Time for action

As the economic recovery picks up speed, third-party risk management (TPRM) is more important than ever before. Faced with supply chain disruption, cyber threats and growing inflationary pressure, global businesses are assessing their operational resilience and reviewing their dependence on third and fourth parties.

KPMG International's new research — which surveyed 1,263 senior TPRM professionals across six sectors and 16 countries worldwide — reveals that TPRM is a strategic priority for 85 percent of businesses, up from 77 percent before the outbreak of the pandemic. Nonetheless, the outlook for TPRM presents no shortage of challenges.

TPRM leaders need to make a step change

Our findings demonstrate the need for TPRM leaders to make a step change in their operating models and their approach to third-party risk. This need will likely only grow as supply chains and ecosystems continue to expand and the risk presented by fourth parties creates further complexity. Strong leadership and TPRM practitioners working closely with the business – reflecting the priorities that business partners themselves set for third-parties – is key.

Our recommendations, which we set out in Section 3, are designed to support a business environment in which TPRM remains high on the boardroom and management agenda throughout the pandemic recovery. Recognising the need for action, while cognisant that there is no quick fix to the challenges faced by TPRM executives, we outline below depending on your program's maturity a number of focus areas you can explore to drive enhancements to your program.

Key third-party risk survey findings

1 Third-party incidents are disrupting the business and damaging reputation

Weaknesses in the TPRM operating model, leading to missed opportunities to mitigate risk are proving to be a major problem for businesses worldwide. Three in four (73 percent) respondents experienced at least one significant disruption caused by a third-party within the last 3 years.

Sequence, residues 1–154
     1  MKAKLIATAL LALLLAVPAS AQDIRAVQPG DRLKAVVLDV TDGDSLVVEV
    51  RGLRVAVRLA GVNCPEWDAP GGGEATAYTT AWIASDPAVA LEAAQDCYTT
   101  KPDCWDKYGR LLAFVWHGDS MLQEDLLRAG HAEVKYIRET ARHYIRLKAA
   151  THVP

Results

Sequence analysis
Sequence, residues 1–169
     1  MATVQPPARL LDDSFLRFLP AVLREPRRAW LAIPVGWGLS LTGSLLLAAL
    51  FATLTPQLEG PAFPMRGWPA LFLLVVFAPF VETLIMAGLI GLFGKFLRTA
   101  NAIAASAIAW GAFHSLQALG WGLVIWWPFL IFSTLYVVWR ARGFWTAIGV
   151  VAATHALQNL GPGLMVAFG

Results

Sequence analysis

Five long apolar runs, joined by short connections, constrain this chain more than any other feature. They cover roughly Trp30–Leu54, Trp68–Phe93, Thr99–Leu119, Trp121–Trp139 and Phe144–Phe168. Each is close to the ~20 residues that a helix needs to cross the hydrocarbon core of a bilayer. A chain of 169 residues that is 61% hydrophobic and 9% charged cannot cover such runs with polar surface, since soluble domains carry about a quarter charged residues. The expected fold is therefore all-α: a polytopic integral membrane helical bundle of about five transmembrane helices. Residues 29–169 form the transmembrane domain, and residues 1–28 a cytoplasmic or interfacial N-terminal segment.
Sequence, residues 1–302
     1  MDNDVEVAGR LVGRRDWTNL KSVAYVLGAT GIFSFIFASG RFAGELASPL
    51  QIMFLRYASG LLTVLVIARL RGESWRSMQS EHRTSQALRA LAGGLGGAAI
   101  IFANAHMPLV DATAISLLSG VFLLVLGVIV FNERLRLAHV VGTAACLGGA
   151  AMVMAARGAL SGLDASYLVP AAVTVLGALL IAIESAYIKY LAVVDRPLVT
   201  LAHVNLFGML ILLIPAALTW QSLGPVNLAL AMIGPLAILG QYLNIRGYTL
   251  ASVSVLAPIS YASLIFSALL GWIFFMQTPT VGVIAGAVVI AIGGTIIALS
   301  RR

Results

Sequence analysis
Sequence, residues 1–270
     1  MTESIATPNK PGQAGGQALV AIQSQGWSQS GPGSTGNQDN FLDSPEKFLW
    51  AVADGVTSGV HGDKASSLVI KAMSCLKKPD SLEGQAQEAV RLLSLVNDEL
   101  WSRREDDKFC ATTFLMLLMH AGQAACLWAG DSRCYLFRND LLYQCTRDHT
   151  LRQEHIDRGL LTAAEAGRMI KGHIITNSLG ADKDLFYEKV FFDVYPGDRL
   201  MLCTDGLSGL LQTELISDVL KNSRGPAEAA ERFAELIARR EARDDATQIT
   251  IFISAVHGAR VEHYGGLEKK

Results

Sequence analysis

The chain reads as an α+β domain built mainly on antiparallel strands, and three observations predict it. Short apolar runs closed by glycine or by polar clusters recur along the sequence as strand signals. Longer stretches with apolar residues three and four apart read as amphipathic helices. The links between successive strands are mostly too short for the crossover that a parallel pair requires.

2 Businesses underestimate the need for a sound TPRM program, resulting in insufficient budgets

Practitioners are held back by limited budgets that see them prioritising tactical initiatives over strategic improvements. Six in 10 (61 percent) believe TPRM is undervalued considering its enterprise-critical role. If businesses understood the full complexity of a sound TPRM program, rather than narrowing in on its individual components, they could support larger budgets while benefiting from efficiencies around operational resilience, cyber security and fraud.

3 Technology is not yet fulfilling its promise

Respondents expect to use technology to automate or support 58 percent of TPRM tasks within 3 years, which will free them to focus on activities that require human review and interaction. However, 59 percent are frustrated by the lack of visibility that their technology gives them around third-party risk.

4 The challenge of limited resources is here to stay

TPRM programs are continuing to evolve while teams contend with a growing workload. Digital tools will help shoulder the burden, but TPRM's remit is expanding across all risks, domains and types of third-parties. The number of businesses assessing all third-parties for environmental risk, for example, is expected to reach 30 percent within 3 years. A risk-based approach, allocating resources to highest risk arrangements would be preferable.

5 Most businesses struggle to maintain a fit-for-purpose TPRM operating model

Respondents largely accept that it was luck, rather than their TPRM programs, which helped them avoid a major third-party incident during the COVID-19 pandemic. In turn, 77 percent believe that overhauling the operating model is overdue.


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Focus areas to explore to drive TPRM program enhancements

In the early or medium stage of maturity

The imperative for organisations at an early or medium stage of maturity is to establish a program that allows you to manage third-parties appropriately. Below are some of the must-haves when it comes to a viable TPRM program.

  • Pre-contract to due diligence
  • Risk-based approach
  • Ongoing monitoring
  • Program governance.

In the more advanced stages of maturity

Organisations that are at a more advanced stage of TPRM maturity, whose programs are well-established and fully operational, should focus now on optimising the program. It is often cost pressures and frustrations around the time taken to complete assessments that drive this need. Optimising an advanced TPRM program generally focuses on the following areas.

  • automation
  • risk-based approach
  • off-boarding and disengagement
  • service delivery model
  • management of fourth-parties and affiliates.

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